20-year milestone for Juice Journal

Despite a lack of live events, the literary journal remains high-quality

The cover of the 20th edition of Juice Journal

Juice Journal, the literary journal for and by University of Winnipeg students, just released its 20th volume – albeit, without an actual launch event to celebrate this achievement.

There’s a lot to celebrate. Over the years, Juice has provided a community for emerging writers and published the early works of local authors, including Joshua Whitehead and Katherena Vermette.

Anne Caprice B. Claros is an editor for Juice 20 and has been involved with the journal since 2016. She says they received over 100 submissions for this year’s journal, which is similar to previous years – despite the challenge of producing the journal remotely.

“The biggest part of (the challenge) was ensuring that we produced a journal that stayed true to our promise of quality on top of ... (making) sure everybody’s represented (and making) sure new voices are heard,” Claros says, noting the journal includes works from a variety of people studying outside the English department.

One main difference with this year’s production of Juice is the absence of the open mic.

“Open mics are definitely crucial ... they provide an opportunity for people unfamiliar with the journal to get to know the journal, and then for those already familiar with the journal to reconnect with their peers,” Claros says.

Claros was disappointed the second annual Word Lunch, an event blending open mic and potluck, was cancelled this year after its success in 2019.

“It gives people an opportunity to connect outside of just an open mic,” she says. “I believe that food is the best way to connect.”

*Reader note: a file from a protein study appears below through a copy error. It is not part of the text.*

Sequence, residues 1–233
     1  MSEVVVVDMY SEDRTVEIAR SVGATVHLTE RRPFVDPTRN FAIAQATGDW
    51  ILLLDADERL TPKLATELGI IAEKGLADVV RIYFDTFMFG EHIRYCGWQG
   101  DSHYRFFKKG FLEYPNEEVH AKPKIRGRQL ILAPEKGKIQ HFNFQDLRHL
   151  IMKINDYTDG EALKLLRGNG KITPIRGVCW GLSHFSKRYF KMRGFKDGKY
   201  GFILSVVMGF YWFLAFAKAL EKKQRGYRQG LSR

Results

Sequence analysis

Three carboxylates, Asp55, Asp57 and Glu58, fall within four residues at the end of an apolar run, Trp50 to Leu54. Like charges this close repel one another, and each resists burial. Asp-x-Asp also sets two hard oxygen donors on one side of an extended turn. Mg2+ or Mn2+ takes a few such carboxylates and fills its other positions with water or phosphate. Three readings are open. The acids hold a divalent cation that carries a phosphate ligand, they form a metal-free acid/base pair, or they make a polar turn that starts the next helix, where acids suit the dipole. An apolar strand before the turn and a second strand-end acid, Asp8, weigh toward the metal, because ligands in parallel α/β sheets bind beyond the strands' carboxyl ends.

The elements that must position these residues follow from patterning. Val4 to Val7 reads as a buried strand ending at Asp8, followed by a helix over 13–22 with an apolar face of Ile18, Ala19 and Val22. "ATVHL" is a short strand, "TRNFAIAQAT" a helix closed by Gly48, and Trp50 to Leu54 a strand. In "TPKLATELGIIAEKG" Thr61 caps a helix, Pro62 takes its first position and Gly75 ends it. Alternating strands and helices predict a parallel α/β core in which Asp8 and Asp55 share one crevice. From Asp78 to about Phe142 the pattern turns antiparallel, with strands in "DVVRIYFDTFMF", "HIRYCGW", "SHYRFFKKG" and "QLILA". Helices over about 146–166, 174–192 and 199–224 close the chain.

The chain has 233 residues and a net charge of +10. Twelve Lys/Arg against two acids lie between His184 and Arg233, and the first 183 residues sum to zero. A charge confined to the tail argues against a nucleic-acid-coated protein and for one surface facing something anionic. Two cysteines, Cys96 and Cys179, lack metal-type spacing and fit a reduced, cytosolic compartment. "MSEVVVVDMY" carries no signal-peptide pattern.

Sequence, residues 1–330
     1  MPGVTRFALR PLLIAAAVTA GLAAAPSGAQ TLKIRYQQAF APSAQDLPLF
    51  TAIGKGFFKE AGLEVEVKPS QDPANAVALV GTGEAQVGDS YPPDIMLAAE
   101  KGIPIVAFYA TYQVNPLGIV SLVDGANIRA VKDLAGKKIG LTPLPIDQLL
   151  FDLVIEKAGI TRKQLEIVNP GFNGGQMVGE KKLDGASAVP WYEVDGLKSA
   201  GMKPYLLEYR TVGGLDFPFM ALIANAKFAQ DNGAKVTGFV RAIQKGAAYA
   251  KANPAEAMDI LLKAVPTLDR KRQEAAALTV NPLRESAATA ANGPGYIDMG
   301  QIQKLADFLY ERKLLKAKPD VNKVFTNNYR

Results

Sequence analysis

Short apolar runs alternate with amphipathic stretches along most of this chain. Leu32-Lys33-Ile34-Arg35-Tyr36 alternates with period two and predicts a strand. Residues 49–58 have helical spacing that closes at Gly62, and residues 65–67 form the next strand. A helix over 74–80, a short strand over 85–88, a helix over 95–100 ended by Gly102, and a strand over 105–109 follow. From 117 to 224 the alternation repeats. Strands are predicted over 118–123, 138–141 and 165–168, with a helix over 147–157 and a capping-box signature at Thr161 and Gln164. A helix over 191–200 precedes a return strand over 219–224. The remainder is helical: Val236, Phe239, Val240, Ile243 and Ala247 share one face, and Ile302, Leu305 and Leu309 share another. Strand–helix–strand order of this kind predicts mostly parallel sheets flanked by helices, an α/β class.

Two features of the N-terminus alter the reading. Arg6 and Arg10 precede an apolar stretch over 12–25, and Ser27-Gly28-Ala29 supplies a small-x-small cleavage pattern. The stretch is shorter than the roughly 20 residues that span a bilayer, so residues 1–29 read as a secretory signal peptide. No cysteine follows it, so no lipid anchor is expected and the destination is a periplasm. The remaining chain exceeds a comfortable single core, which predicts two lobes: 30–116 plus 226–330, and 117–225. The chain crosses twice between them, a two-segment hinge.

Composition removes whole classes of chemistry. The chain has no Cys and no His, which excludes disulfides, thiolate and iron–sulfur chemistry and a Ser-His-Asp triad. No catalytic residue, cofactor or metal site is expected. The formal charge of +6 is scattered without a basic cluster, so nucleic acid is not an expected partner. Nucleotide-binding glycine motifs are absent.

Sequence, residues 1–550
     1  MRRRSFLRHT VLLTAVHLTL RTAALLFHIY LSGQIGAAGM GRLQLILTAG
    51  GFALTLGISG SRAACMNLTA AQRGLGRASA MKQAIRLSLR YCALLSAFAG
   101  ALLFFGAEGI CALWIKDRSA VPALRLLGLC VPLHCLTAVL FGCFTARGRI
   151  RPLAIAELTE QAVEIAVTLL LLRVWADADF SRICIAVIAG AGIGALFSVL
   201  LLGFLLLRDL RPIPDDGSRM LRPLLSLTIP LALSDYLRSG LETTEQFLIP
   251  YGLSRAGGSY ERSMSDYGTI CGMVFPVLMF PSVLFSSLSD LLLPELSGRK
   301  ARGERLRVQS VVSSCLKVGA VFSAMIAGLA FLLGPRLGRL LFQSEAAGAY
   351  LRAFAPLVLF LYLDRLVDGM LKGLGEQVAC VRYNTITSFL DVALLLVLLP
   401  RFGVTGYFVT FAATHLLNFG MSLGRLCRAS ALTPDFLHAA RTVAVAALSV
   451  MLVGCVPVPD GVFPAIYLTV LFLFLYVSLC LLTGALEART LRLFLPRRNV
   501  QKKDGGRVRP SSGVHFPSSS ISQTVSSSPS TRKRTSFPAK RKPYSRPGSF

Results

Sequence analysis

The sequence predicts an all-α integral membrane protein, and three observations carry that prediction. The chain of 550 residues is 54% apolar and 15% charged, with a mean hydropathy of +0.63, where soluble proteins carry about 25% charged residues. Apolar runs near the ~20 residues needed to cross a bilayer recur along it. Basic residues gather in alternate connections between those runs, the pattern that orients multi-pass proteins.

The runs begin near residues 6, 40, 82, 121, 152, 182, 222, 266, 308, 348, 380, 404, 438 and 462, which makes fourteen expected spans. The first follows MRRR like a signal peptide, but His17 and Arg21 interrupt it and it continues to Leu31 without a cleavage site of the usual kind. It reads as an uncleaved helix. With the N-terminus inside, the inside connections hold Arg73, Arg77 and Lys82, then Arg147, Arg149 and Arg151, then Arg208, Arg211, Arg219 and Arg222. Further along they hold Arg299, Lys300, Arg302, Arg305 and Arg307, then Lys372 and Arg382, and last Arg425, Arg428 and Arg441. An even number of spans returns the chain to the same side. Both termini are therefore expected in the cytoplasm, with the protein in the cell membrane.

“Of course, what is missing is that in-person contact that really does so much to create community for the writers on campus,” Catherine Hunter, a creative writing professor who has been an important part of Juice since its inception, says.

She adds that one of the biggest benefits of creative writing courses is meeting other writers.

Hunter supervises the production of the journal and helps with training. The previous year’s editor trains the new editors, and students working on the journal have access to an advisory board.

“If students need to ask questions about distribution or layout and design, or editorial questions, they can rely on these experts,” Hunter says.

This year, the remote production of the journal was a challenge.

“Managing all of that when you’re not at school was not as easy as I thought, because you can’t reach out to everyone you want,” Claros says. “You can send as many emails as you want, but if you’re not connecting with anyone, you’re basically not getting anywhere.”

Rather than gathering to discuss submissions, the team used Google Forms to give their feedback and make decisions remotely.

“Google (Forms) really afforded us an opportunity to still stay true to our promise of quality, and I think that is quite evident in the pieces that we chose for this year,” Claros says.

“Every issue is different,” Hunter says. “I think the quality of the writing has always been really strong from the beginning.”

Order a copy of Juice 20 for $5 by emailing [email protected]. Include your name and phone number, as well as the number of copies and your preference for pickup or shipping (include your address if choosing shipping). Follow @uw_juicejournal on Instagram for more information and updates.

Published in Volume 75, Number 17 of The Uniter (February 4, 2021)

Related Reads